Microvascular dysfunction in the brain, characterized by vasoconstriction, vascular occlusion, and disruption of the blood brain barrier, may adversely affect outcome following traumatic brain injury (TBI). Because of its vasodilating and antiaggregative properties, nitric oxide (NO) produced by nitric oxide synthase in the endothelium (eNOS) is a key regulator of vascular homeostasis. The objective of the present study was to evaluate the role of eNOS in vascular disturbances and histological outcome in the brain following TBI. Cortical blood flow ([(14)C]-iodoantipyrine technique), number of perfused capillaries (FITC-dextran technique), brain water content (wet vs. dry weight), and the transfer constant (K(i)) for [(51)Cr]-EDTA, reflecting permeability, were analyzed 3 h and 24 h after a controlled cortical impact injury (CCI) in eNOS-deficient (eNOS-KO) and wild-type (WT) mice. Cortical contusion volume and cell count in the hippocampus were evaluated 3 weeks after injury. Blood flow in the injured cortex decreased in both groups following trauma. There were no significant differences between the groups at 3 h, but blood flow was lower in eNOS-KO mice than in WT mice 24 h after trauma. Brain water content was higher in the WT mice than in eNOS-KO mice at 24 h. Number of perfused capillaries, K(i), and histological outcome were similar in both groups. We conclude that eNOS is important for maintenance of cerebral blood flow after trauma and that eNOS promotes edema formation by mechanisms other than increased permeability. The vascular effects of eNOS do not, however, influence histological outcome.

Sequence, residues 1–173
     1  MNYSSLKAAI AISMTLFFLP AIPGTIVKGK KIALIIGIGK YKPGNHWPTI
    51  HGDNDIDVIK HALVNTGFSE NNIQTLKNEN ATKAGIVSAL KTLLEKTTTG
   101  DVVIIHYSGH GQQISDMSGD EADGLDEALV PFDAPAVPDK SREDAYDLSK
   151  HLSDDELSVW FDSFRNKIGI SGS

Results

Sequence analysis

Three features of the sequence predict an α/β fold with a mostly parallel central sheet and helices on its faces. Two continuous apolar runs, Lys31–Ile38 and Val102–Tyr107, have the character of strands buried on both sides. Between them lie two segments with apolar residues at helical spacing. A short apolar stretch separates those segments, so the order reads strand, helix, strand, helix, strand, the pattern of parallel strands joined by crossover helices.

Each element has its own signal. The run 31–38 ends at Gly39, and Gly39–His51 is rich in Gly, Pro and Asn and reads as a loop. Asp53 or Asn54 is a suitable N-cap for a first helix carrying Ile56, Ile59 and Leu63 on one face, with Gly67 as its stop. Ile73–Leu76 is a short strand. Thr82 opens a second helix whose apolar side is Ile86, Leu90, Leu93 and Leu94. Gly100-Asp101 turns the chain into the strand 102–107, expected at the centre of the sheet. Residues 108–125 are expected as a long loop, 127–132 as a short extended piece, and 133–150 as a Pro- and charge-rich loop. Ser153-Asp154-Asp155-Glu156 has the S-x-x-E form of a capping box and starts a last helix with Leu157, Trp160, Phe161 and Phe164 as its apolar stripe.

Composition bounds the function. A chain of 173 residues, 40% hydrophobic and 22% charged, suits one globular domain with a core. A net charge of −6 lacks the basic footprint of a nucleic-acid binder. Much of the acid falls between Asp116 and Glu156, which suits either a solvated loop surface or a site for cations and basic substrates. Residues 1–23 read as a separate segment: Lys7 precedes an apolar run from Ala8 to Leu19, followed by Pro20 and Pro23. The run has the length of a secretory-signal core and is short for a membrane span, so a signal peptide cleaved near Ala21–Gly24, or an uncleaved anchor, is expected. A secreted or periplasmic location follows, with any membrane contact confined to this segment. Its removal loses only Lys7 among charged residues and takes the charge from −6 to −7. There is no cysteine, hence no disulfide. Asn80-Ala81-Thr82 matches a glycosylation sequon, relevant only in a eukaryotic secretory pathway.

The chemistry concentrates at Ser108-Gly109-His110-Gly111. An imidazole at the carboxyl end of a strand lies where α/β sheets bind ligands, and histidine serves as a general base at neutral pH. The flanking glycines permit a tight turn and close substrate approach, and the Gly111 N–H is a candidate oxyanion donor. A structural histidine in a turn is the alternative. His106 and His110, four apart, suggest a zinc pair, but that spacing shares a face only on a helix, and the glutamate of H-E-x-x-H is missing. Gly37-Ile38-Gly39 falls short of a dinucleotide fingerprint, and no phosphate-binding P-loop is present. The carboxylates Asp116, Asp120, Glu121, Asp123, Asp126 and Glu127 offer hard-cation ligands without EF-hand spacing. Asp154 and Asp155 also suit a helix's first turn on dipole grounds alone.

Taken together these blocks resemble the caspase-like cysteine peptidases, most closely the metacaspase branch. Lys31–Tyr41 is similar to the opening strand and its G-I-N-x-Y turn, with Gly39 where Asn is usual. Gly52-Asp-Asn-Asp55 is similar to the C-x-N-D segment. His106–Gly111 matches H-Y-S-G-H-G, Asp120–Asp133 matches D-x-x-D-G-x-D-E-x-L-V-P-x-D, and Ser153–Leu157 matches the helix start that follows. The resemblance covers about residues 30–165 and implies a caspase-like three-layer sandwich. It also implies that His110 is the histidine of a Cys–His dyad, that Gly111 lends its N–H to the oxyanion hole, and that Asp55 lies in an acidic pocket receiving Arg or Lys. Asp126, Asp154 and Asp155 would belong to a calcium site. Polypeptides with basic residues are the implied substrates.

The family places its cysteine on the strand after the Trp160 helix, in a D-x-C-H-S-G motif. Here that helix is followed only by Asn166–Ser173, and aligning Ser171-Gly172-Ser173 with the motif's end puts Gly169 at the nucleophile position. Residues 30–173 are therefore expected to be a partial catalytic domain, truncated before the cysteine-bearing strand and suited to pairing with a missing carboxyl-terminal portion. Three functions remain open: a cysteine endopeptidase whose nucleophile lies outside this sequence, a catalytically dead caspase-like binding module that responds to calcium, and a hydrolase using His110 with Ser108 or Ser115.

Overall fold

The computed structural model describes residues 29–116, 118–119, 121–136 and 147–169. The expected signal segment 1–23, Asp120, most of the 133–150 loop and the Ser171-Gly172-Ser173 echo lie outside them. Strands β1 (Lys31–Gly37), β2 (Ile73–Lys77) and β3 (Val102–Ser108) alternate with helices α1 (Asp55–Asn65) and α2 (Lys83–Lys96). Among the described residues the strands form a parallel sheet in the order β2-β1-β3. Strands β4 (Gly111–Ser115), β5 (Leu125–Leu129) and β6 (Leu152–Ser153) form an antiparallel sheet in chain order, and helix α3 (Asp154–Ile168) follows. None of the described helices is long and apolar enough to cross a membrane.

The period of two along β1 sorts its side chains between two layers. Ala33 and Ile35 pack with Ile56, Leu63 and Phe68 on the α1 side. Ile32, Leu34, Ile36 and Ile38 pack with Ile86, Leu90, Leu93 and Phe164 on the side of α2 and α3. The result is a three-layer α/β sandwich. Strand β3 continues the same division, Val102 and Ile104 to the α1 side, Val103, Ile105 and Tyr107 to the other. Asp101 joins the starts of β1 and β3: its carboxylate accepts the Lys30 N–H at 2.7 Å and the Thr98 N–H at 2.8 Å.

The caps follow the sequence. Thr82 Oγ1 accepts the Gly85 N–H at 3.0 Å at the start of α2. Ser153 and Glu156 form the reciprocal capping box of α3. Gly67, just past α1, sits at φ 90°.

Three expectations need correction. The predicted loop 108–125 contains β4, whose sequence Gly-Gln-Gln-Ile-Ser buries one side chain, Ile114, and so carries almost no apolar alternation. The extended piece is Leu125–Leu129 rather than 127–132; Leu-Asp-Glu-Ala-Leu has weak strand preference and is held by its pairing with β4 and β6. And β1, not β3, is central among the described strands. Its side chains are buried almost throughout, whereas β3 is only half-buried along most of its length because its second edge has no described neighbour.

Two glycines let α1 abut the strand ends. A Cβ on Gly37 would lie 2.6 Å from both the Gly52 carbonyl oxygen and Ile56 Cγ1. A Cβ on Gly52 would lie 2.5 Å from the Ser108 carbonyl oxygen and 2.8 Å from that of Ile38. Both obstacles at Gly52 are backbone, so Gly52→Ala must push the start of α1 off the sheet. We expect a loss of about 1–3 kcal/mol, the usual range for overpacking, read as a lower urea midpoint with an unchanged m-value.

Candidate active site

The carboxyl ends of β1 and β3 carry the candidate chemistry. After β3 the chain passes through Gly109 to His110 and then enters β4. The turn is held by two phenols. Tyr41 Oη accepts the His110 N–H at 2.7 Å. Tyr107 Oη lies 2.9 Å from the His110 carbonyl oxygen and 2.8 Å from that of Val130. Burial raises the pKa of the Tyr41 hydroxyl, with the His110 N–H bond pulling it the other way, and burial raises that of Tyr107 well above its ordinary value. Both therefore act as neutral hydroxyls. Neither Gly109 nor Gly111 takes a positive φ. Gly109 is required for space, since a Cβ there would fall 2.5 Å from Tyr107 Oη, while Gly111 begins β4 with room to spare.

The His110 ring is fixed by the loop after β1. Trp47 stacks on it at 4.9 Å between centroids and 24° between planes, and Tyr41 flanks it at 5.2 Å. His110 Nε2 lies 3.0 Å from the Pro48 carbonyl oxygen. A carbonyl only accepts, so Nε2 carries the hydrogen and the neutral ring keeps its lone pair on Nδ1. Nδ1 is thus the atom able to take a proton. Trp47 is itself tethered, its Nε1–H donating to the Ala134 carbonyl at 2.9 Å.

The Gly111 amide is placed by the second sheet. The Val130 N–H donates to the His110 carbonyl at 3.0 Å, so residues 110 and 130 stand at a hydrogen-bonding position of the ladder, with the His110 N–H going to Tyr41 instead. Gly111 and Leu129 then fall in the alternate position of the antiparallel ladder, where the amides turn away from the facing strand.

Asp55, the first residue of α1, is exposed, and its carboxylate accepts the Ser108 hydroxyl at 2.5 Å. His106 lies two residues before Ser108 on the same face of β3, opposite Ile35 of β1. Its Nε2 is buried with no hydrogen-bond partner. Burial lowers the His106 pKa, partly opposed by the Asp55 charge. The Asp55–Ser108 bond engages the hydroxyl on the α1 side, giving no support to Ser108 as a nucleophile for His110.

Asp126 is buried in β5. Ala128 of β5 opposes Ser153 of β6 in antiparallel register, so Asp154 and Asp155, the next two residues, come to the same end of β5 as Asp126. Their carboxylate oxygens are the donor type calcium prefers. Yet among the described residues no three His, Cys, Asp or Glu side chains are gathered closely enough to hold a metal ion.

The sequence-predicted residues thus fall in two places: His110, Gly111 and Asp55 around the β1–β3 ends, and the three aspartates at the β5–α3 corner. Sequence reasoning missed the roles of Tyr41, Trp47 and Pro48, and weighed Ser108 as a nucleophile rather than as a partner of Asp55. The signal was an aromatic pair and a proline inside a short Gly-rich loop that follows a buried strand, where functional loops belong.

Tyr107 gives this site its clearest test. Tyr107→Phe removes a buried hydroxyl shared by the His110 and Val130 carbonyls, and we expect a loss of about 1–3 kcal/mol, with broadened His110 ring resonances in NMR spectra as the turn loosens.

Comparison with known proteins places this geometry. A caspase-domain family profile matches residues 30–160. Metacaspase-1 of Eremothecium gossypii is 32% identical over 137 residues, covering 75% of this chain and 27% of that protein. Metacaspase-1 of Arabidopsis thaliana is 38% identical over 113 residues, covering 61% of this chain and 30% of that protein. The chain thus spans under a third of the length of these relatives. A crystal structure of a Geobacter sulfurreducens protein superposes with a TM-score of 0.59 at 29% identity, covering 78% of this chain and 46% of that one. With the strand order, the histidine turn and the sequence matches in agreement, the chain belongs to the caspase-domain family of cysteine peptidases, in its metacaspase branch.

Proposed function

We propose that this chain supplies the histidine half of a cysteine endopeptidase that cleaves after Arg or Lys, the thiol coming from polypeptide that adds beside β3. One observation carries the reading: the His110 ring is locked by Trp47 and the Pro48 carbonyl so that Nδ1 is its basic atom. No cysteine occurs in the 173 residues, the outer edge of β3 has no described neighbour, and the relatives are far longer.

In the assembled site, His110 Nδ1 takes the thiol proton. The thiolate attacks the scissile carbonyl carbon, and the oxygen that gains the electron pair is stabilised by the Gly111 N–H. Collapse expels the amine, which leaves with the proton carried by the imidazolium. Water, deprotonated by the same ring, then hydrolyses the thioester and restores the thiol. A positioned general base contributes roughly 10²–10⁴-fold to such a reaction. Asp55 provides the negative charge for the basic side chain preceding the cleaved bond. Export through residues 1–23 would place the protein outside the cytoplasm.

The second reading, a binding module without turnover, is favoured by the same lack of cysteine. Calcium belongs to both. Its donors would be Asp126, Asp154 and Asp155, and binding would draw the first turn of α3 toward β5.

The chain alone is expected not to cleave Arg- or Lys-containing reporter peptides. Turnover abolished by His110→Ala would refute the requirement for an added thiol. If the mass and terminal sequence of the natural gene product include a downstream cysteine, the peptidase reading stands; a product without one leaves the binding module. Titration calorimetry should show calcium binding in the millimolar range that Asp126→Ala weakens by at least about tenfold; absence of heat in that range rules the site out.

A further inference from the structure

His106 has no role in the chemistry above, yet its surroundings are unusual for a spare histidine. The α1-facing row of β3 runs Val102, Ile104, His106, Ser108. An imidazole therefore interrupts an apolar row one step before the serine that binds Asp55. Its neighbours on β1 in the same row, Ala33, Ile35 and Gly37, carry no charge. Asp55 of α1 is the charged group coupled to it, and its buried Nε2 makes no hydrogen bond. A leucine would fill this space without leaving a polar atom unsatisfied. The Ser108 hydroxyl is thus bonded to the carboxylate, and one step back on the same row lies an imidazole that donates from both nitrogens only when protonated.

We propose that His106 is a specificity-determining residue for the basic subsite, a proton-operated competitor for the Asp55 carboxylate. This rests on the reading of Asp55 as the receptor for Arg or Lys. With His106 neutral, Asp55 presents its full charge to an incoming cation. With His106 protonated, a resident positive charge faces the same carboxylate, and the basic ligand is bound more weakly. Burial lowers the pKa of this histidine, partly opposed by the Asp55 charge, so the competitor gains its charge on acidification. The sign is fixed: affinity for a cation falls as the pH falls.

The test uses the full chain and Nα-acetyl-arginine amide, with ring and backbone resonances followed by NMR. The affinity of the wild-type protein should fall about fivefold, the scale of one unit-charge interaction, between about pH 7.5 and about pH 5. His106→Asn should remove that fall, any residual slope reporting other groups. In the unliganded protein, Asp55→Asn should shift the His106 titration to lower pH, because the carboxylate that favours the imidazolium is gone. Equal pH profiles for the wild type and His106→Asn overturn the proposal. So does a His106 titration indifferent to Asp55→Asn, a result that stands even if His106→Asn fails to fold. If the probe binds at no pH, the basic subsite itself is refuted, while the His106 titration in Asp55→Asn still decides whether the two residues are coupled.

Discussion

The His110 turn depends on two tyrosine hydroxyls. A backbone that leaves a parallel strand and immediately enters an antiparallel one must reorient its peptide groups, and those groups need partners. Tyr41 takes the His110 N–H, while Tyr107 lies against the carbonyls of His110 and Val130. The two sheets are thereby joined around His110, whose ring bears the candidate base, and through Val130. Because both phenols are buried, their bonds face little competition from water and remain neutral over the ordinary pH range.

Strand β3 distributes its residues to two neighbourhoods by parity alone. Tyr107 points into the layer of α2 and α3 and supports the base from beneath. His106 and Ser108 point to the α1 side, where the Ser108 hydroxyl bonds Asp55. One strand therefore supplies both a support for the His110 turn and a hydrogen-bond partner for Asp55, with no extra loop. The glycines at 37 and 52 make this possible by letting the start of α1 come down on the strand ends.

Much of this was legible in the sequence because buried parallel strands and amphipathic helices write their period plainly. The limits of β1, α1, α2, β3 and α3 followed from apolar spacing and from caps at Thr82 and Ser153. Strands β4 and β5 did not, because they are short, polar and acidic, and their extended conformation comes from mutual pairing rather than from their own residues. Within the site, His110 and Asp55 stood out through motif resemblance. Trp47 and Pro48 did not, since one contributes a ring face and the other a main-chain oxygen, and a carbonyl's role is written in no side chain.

Subject classification (UKÄ)
- Anesthesiology and Intensive Care